Software: Android on Tablets Revisited

The Galaxy Tab S2 comes pre-loaded with Android 5.0.2 and a tablet version of Samsung’s TouchWiz skin. While TouchWiz has improved from previous tablet versions to be less annoying and less aggressive, it remains essentially a large version of TouchWiz on the Galaxy S6, for better or worse.

If you’ve used TouchWiz on the Galaxy S6 or Note 5, many of the Tab S2’s software elements will be familiar to you, such as the basic lockscreen with weather, time and notification info, and the notification pane with its quick setting toggles. The homescreen has been enlarged to a 6x5 grid with five apps in the dock, and many of the widgets included have only been slightly modified for a tablet interface.

Personally I find the overall interface slightly too large for a 9.7-inch tablet, and I wish some of the UI elements were smaller so that the reasonably large display could show more information at any one time. The app grid, for instance, could easily be 7x7 or 8x8 without losing much usability, and that would allow pretty much every app I want to use, along with some widgets, to occupy a single homescreen panel.

Many of Samsung’s included apps, such as the Contacts browser and S Planner, feature updated interfaces that work better with large tablet screens. Often these apps use two-column designs in landscape, portrait, or both, which helps show more information on the screen at any one time. Unfortunately, some of the simpler apps haven’t received this treatment, such as the Gallery, which leaves these apps with a basic, enlarged smartphone experience.

I was more impressed with Google and Microsoft’s tablet apps that are pre-loaded on the Tab S2, as clearly these two companies have put more time and effort into their development than Samsung has with their included apps. Gmail, YouTube and Chrome, for example, are three apps with excellent tablet experiences, adequately using the space available to them on a 9.7-inch tablet rather than simply enlarging the smartphone UI.

From the Microsoft camp, the full Office suite (Word, Excel, PowerPoint, and OneNote) is pre-loaded on the Tab S2. These apps are surprisingly well featured on Android, and are a great way to edit documents and spreadsheets on a mobile device. The familiar Office interface has translated extremely well to a sub 10-inch form factor, and with a keyboard the Tab S2 could become a great productivity tool.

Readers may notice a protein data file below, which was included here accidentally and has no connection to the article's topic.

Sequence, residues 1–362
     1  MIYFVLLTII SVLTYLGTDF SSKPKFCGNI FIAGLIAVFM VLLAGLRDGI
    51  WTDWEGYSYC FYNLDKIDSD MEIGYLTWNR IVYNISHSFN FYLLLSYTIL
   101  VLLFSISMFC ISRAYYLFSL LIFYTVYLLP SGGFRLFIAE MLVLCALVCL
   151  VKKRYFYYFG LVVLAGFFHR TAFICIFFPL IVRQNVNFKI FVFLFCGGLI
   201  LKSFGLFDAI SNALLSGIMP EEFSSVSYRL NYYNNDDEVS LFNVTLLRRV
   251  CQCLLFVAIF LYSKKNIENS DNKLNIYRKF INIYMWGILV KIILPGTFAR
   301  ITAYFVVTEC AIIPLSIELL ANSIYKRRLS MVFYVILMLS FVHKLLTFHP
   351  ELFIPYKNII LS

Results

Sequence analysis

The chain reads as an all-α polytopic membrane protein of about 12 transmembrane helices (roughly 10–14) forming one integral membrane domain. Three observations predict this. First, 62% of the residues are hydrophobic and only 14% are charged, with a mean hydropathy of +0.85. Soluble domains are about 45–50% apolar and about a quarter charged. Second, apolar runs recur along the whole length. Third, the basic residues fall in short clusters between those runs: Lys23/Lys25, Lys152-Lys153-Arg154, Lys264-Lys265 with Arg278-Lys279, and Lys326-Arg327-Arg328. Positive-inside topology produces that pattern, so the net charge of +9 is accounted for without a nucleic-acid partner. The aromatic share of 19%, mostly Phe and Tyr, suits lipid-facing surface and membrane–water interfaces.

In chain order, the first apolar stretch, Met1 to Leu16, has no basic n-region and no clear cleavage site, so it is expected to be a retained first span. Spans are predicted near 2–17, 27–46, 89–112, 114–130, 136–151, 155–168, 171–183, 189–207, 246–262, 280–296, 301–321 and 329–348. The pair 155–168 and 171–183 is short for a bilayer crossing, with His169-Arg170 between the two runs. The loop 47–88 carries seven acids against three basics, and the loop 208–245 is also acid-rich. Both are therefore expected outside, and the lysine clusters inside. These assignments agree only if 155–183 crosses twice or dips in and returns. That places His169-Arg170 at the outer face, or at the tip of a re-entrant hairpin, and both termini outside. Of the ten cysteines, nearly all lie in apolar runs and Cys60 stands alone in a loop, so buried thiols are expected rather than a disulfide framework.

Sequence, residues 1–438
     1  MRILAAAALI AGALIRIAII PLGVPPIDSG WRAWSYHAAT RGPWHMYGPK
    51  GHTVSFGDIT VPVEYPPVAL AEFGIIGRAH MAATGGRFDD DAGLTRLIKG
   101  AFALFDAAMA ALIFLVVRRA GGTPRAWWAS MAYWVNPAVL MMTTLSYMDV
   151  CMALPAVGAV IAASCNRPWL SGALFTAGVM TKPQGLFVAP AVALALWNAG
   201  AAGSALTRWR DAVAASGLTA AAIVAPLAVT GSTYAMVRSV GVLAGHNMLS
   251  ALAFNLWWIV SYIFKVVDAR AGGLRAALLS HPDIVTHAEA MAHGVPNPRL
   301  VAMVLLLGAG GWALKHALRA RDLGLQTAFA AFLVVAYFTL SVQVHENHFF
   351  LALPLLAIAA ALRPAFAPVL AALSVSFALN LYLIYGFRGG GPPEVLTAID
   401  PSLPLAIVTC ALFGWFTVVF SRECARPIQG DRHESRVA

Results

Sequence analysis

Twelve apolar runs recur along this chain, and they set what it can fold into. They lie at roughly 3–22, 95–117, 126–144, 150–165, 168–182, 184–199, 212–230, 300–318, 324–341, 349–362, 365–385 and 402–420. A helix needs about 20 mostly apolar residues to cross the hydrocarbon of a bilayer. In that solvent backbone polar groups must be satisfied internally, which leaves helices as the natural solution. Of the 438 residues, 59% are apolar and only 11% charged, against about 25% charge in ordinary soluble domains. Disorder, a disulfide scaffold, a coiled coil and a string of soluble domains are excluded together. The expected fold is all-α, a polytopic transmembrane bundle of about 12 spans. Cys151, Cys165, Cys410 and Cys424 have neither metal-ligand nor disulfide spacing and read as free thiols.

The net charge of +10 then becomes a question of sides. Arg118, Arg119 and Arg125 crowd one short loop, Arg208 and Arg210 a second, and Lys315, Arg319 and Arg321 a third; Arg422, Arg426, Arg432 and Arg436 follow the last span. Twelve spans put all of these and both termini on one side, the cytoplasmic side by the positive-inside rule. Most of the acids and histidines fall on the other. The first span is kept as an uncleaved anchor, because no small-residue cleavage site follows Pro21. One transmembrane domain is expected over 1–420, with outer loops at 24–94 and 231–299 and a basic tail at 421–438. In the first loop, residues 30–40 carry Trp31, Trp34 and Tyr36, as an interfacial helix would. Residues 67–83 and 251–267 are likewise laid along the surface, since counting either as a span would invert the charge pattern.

While Microsoft’s apps were impressive on the Galaxy Tab S2, there is still a collection of third-party apps in the Play Store that aren’t optimized for tablets, many of which are from popular brands and services. The Twitter app, for example, is appalling on a 9.7-inch screen, as is Facebook Messenger and Instagram, while the standalone Facebook app is only decent in landscape mode.

However, the good news is that the collection of unoptimized apps has shrunk since the last time I used Android on a tablet. There is now a sizable collection of well-made apps, spanning everything from news services (Feedly runs great on the Tab S2) and productivity tools (such as Office, Photoshop, Lightroom, etc.) to video services (Netflix, Plex) and a whole ton of games.

The quality of apps still isn’t as good as what you’d get on iOS, but the gap has closed over the past few years to the point where Android tablets can be a viable (and often cheaper) alternative to an iPad.

As for features included with the Tab S2, there’s really only one thing I want to highlight: Samsung’s custom split-screen mode. Like with previous implementations of this feature, it only works with some apps, which is still a massive disappointment. However, it does work well with the apps it supports, and it can make multi-tasking on this entertainment-focused device a little easier.

The Tab S2 also supports things like a reading mode, which alters display qualities to make reading books more pleasant, but this isn’t new or unique to this product. You can make and receive calls on the tablet if you have an LTE version, though, which is an interesting feature you’ll probably never use.